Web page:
Search - Aimee Mann :: Whatever

Whatever
Aimee Mann
Whatever
Genres: Alternative Rock, Folk, Pop, Rock
 
  •  Track Listings (13) - Disc #1

Mann has retired the 'Til Tuesday moniker, but the elements that made Everything's Different Now (1988) so superb--heartrending songs, baroque pop arrangements and lovely melodies--remains intact. Jeff Bateman

      
   
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CD Details

All Artists: Aimee Mann
Title: Whatever
Members Wishing: 0
Total Copies: 1
Label: Fontana Geffen
Release Date: 12/19/1995
Genres: Alternative Rock, Folk, Pop, Rock
Styles: Singer-Songwriters, Singer-Songwriters, Adult Alternative
Number of Discs: 1
SwapaCD Credits: 1
UPC: 720642495629

Synopsis

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Mann has retired the 'Til Tuesday moniker, but the elements that made Everything's Different Now (1988) so superb--heartrending songs, baroque pop arrangements and lovely melodies--remains intact. Jeff Bateman

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CD Reviews

Sometime After (til) Tuesday
Tim Brough | Springfield, PA United States | 10/06/2007
(4 out of 5 stars)

"Aimee Mann seemed to slowly push the new wave origins of Til Tuesday deeper into arty and moody beauties, with the gorgeousness of Welcome Home recalling Roxy Music's Avalon and then the devastating personal Everything's Different Now chronicling her breakup with Jules Shear with the alacrity of Elvis Costello or Squeeze. (And was essentially a solo album with a little help from her friends.)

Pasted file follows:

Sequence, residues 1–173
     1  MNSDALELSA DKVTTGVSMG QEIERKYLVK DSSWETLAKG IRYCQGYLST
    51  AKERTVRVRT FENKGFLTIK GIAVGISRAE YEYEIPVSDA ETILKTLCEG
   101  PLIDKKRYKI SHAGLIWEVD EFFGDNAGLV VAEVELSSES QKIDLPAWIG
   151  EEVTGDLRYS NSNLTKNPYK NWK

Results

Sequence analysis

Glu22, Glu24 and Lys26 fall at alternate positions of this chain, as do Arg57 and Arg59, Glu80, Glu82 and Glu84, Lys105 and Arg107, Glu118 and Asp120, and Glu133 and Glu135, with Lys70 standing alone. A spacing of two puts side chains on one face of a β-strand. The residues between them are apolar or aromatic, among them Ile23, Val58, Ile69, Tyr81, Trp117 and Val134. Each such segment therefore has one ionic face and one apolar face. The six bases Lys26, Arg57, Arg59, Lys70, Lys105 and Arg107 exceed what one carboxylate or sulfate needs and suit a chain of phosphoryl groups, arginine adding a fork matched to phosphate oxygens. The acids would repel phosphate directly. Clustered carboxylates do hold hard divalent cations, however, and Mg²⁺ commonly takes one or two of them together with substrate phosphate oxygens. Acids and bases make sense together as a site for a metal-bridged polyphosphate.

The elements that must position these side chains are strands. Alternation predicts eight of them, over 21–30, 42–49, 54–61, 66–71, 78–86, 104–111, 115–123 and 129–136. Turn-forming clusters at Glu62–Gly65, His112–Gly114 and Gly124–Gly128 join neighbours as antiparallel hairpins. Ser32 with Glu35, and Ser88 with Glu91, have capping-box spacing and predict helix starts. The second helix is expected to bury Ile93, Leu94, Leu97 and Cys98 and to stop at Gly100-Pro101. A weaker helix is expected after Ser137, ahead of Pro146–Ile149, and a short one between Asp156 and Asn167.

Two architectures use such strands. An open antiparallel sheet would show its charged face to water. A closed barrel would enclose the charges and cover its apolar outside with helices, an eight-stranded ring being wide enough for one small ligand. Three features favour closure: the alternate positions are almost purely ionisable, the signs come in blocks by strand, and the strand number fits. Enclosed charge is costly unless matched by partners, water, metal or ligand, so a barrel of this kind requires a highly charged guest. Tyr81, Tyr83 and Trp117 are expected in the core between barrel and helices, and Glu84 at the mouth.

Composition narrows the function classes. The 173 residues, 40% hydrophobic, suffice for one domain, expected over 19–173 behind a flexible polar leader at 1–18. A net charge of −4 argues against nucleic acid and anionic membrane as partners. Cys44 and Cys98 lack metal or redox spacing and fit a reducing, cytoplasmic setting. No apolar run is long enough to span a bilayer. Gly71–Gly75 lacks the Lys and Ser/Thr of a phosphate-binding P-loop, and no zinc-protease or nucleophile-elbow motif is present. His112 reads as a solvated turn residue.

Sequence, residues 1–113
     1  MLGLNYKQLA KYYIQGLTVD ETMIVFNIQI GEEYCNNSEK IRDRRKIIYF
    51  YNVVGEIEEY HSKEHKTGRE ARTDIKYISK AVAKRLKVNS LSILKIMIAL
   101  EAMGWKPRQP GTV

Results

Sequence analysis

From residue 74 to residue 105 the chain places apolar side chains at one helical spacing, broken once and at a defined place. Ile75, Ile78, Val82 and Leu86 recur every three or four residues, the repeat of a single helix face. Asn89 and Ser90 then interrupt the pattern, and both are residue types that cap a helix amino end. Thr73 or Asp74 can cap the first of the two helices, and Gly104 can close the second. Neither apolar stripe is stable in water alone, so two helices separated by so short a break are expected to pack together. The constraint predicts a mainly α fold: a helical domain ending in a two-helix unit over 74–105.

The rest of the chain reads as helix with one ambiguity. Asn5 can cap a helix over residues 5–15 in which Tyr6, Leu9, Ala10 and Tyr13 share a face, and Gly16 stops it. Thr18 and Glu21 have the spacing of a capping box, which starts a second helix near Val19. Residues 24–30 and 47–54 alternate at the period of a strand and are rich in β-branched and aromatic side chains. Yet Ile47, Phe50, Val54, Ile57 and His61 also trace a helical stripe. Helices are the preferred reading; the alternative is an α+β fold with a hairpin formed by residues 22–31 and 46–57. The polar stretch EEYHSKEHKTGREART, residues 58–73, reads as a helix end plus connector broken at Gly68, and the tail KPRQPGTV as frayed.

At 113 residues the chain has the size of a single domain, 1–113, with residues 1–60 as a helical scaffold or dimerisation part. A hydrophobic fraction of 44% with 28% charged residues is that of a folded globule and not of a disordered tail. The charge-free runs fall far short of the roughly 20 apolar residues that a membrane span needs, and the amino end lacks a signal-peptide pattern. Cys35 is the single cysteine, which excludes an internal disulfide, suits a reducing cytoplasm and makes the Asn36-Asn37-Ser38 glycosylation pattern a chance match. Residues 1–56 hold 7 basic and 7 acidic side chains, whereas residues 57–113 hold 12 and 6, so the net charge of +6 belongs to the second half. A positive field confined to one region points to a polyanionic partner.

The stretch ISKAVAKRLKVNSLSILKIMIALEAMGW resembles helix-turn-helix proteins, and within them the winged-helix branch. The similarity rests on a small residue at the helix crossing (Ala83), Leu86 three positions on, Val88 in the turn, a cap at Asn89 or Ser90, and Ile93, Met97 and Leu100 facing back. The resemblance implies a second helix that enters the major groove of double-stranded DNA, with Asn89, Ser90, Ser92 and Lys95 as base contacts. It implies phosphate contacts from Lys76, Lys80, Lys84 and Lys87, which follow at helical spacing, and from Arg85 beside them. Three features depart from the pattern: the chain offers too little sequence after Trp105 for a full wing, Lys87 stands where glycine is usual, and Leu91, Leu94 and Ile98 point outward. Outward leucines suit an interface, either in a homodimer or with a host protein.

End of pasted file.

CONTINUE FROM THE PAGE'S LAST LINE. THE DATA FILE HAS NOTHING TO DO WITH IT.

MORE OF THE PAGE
As seemed to become standard with Aimee's career, six years of legal problems with Epic over Til Tuesday stalled this album from coming out on Imago till 1993, who then filed for bankruptcy and tied Aimee down until Geffen undid the legal knots and re-released it. That is a good thing, because this is the heaviest rocking that Aimee ever did. As her albums increasingly became musically more complex and introspective, the electricity seeped out from her recordings even as the quality remained impeccable. So you can delight in the wild guitar leads in "I Should Have Known" but hear the sad loss of a friendship via the colors that become more dominant in her career on "4th of July:"

"But now here I am and the world's gotten colder,
and she has the river down which I sold her."

There are also plenty of lyrics that chart Aimee's literary proclivities. After all, how many singers reference Dickens for a song ("Jacob Marley's Chain)? The initial single, "Stupid Thing," was a Beatlesque concoction that derived its downcast shimmer from "Abbey Road." The production throughout this CD is elaborate, with longtime cohort Jon Brion ornately dressing everything here. While Mann did drift towards a more personal style and sound (around the time of Bachelor No. 2), her first round of solo recording is still an album I pull out for pleasures from time to time, and stands up with albums of the period from Crowded House, Elvis Costello and 10,000 Maniacs."